Residents were asked for their assessments of the amount of time allocated in their programs to various activities. For most training areas, the majority of residents reported that the amount of time was appropriate (Figure 1). However, 135 of 210 (64%) desired more career planning, 155 of 211 (73%) more outpatient procedures training, and 173 of 212 (82%) more training in office management. There was no significant difference in the desire for more training in outpatient procedures between those planning a primary care career and those not (86/111 [77%] versus 64/95 [67%], p = .104, NS). The graduating med–peds residents had been exposed to a mean of seven (range zero to 30) practicing med–peds physicians during their training. Although 169 of 212 (80%) had a physician mentor who provided career advice, the majority of respondents (135/210 [64%]) desired more assistance with career planning. Residents with a mentor were more likely to report adequate time devoted to career planning (66/167 [40%] versus 9/43 [21%], p = .023). Likewise, those who had the availability of a career planning seminar during their residency were also more likely to report adequate time devoted to career planning (63/153 [41%] versus 11/56 [20%], p = .004). Neonatal intensive care unit training was the lone area where most residents reported too much training time was devoted (144/212 [67%]), too much, versus 70/212 [33%] just right or too little, p < .001).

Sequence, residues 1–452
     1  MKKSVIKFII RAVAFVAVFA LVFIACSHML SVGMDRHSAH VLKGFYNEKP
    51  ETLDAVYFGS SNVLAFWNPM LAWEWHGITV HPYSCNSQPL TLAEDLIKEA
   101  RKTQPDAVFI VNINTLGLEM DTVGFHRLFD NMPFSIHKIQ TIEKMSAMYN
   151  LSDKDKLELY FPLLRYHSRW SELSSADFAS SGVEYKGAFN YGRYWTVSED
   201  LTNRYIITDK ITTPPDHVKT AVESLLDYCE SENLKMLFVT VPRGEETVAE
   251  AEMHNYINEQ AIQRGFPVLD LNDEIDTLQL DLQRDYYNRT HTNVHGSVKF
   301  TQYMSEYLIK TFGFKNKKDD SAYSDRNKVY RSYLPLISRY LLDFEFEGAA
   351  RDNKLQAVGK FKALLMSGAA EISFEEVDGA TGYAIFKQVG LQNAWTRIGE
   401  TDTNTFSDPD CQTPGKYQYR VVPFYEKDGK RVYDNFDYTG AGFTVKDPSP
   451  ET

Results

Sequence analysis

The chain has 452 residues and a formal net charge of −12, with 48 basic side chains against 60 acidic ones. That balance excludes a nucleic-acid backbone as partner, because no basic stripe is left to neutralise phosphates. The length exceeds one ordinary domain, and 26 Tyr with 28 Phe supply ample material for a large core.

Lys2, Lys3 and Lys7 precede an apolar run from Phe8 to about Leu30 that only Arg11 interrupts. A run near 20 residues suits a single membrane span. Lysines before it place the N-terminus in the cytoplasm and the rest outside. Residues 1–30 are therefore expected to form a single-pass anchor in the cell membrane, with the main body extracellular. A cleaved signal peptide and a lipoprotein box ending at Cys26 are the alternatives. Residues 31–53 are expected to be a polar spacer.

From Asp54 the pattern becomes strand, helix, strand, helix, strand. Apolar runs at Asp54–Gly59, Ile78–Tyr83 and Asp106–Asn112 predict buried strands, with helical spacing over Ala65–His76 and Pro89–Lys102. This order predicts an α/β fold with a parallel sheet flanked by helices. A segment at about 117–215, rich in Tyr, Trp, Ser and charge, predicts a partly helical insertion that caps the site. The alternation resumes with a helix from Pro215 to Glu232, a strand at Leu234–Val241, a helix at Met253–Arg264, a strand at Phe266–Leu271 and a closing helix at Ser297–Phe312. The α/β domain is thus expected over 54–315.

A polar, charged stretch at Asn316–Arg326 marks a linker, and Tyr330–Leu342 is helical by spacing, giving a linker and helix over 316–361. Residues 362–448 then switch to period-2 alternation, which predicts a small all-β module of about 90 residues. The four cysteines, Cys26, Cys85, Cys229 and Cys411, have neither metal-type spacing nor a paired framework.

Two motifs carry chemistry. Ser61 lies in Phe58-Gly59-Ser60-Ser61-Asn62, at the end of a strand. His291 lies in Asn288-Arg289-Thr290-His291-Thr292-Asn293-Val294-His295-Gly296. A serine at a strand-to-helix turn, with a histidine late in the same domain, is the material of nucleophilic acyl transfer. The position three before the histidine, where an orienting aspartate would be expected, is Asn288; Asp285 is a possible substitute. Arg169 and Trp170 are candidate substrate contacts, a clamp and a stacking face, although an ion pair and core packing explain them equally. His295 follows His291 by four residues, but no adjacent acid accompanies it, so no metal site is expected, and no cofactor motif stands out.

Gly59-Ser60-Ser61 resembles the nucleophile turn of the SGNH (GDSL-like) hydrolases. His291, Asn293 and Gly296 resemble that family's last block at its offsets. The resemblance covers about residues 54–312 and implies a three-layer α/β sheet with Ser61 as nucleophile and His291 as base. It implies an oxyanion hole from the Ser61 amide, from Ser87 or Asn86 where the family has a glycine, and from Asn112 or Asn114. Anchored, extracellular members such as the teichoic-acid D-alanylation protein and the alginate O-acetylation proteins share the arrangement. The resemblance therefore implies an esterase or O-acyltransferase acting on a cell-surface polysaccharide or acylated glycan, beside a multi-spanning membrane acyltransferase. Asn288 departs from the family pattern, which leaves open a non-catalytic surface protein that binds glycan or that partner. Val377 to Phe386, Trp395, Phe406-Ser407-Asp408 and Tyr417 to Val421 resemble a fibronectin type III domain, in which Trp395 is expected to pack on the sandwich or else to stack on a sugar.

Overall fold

In addition to their core categorical training, most residents reported being offered various med–peds educational opportunities (Figure 2). The most frequent activities were journal clubs and med–peds ambulatory clinics. Med–peds grand rounds and med–peds visiting professors were less commonly utilized by training programs. Roughly half of residents (104/211 [49%]) reported that interdisciplinary subspecialty electives were offered in their program (Table 1). Fewer residents reported that med–peds subspecialty fellowships were offered at their institutions.